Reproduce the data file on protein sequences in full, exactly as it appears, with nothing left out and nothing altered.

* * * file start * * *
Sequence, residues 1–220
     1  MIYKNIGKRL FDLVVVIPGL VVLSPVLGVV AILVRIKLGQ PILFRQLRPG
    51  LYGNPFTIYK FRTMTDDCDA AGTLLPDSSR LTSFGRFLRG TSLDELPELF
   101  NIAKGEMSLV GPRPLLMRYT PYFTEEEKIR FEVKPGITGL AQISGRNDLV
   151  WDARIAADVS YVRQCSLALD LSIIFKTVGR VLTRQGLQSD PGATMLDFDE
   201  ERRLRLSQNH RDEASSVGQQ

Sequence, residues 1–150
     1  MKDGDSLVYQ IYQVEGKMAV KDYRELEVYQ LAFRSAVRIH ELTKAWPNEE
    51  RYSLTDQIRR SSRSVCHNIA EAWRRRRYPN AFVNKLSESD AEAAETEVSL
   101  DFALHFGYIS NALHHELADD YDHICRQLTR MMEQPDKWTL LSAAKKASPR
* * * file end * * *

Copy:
Sequence, residues 1–220
     1  MIYKNIGKRL FDLVVVIPGL VVLSPVLGVV AILVRIKLGQ PILFRQLRPG
    51  LYGNPFTIYK FRTMTDDCDA AGTLLPDSSR LTSFGRFLRG TSLDELPELF
   101  NIAKGEMSLV GPRPLLMRYT PYFTEEEKIR FEVKPGITGL AQISGRNDLV
   151  WDARIAADVS YVRQCSLALD LSIIFKTVGR VLTRQGLQSD PGATMLDFDE
   201  ERRLRLSQNH RDEASSVGQQ

Sequence, residues 1–150
     1  MKDGDSLVYQ IYQVEGKMAV KDYRELEVYQ LAFRSAVRIH ELTKAWPNEE
    51  RYSLTDQIRR SSRSVCHNIA EAWRRRRYPN AFVNKLSESD AEAAETEVSL
   101  DFALHFGYIS NALHHELADD YDHICRQLTR MMEQPDKWTL LSAAKKASPR